Vampire Weekend Review

While visiting New York last weekend for a so-so (but, as all things in NYC, sold out) Liars/No Age show, I thought I had the signature sound of early 2008 all figured out. Rippling, choppy guitar chords washed through the room and my imaginary concert calendar. It was the logical choice. Those reverb-heads did all their homework, paid homage to established heavyweights (it's basically shoegaze, slowed down as though oozing out of molasses speakers), and incorporated just enough newness to sound fresh without freaking anybody out.

But then there was this band whose CD I pick up at the music store because I like the cover art. The jagoff clerk only gave me a 15-second preview, but that was enough to tell me it was a summery, picnic time album, the kind of music which is crucial to long-term survival in miserable, slushy Pittsburgh midwinter. Though it smacked of insubstantiality, playing-it-safe and taking-no-chances, that 15 seconds gave me a good feeling. I wasn't blown away, but when I went home and checked out the band's Myspace, I saw that their songs had all been previewed over 400,000 times. After seeing those numbers, I couldn't escape Vampire Weekend. Someone told me they had sold out a show here, at the Andy Warhol museum, not even days before! A friend who only listens to hardcore had the CD on her coffee table! There they were, nervous and freaked-out on the cover of Spin magazine at the library! Even the funk DJ on the college radio station was singing their praises. What the hell was going on? I mean, I seriously couldn't get away. Things were getting weird. These 4 pale guys in sweaters and chinos were EVERYWHERE.

It was apparent that I had stumbled on to this month's Big Thing. So I borrowed the CD from someone and listened to it again. And it was good. Actually, the more I listen to it, the better it gets. What's more, it sounds less and less formulaic and more and more original. At this point, for influences, all I have left is Simon and Garfunkel (minus all their super annoying naïve cheeriness) and Wes Anderson soundtracks. With a lot of dainty clavichord.

Like Wes Anderson, these guys suffer at times from getting carried away with themselves. But they are also, like Anderson, capable of creating art that feels archetypal and classic without just going on a nostalgia trip. In their case, this means snaring and bottling up the essence of catchiness, almost in pure form. Everything is smooth and clean-edged. There's a beautifully glib road-trip guitar, little bits of flute and other chamber music twiddlings, including that clavichord. Seriously, listen to the first 30 seconds of "M79" and tell me this isn't the Royal Tenenbaums, I dare you. The album has that lovely transcendent quality of being music you'll like even if you don't know anything about music - your mother would probably like it as much as you do. The singing is breezy and smooth, imbued with wonderful confidence and clarity even when it slides into a falsetto.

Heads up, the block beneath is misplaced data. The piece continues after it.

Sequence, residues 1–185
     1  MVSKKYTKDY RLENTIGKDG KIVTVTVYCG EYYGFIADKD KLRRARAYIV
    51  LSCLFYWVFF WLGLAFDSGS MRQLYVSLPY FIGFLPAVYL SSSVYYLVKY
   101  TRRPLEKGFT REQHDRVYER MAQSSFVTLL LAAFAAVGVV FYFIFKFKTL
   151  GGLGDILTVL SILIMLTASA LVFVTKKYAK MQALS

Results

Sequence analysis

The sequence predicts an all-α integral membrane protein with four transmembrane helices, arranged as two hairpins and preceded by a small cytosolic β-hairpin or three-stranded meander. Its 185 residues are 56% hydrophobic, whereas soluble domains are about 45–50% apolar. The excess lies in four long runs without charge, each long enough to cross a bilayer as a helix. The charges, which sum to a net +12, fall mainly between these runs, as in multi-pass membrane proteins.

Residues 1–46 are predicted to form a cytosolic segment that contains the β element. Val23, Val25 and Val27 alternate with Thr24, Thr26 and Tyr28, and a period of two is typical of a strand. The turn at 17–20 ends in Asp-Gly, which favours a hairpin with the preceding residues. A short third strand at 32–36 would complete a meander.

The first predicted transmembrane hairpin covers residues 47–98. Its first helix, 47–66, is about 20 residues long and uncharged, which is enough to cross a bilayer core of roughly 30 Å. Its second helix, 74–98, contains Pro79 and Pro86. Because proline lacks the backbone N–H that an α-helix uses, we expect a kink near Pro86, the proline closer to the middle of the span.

Still, it took me a little while to see what all the hype was about. I mean, it sounds good, you know? Pretty good, but not the kind of thing I would call genre-shredding or revolutionary or any of those other things we music reviewers love so much. But now I get it. This is a good album. It's not a great album – it's not the Beatles, nor is it the Pixies. And as an album which doesn't try for greatness, which just focuses on creating charming little songs for art history majors and the like, it's carved out a really solid niche for itself. There's a lot of pretension in singing about week-long vacations in San Juan and checking out your romance studies professor, yes, but at least they aren't bullshitting anyone. They're following the old creative writer's advice – WRITE what you KNOW. I feel like they understand that as kids born well-off, in New England, educated to the point where they would even think about writing songs about things like Mansard Roofs and Oxford Commas, it would be dishonest to pretend that they were something else. In wearing its privileged heart on its sleeve, this album effectively goes through a trial by fire. If they were trying to write punk songs (and they do incorporate a little punk chorus, charmingly) instead of vaguely wimpy but really sincere pop songs, they would come across as completely inauthentic. They'd be co-opting music and emotions that belong in dirty, dirty cities with rusted-out factories everywhere and greasy fish sandwiches the size of your arm. Like Pittsburgh. Instead, they're not hiding anything. By being so unabashedly themselves, these guys have won over their audience. It should be cheesy, but I think it worked.

Ben Phelps-Rohrs

If you like Vampire Weekend, check out some of these other favorites:

Tokyo Police Club
Shout Out Louds
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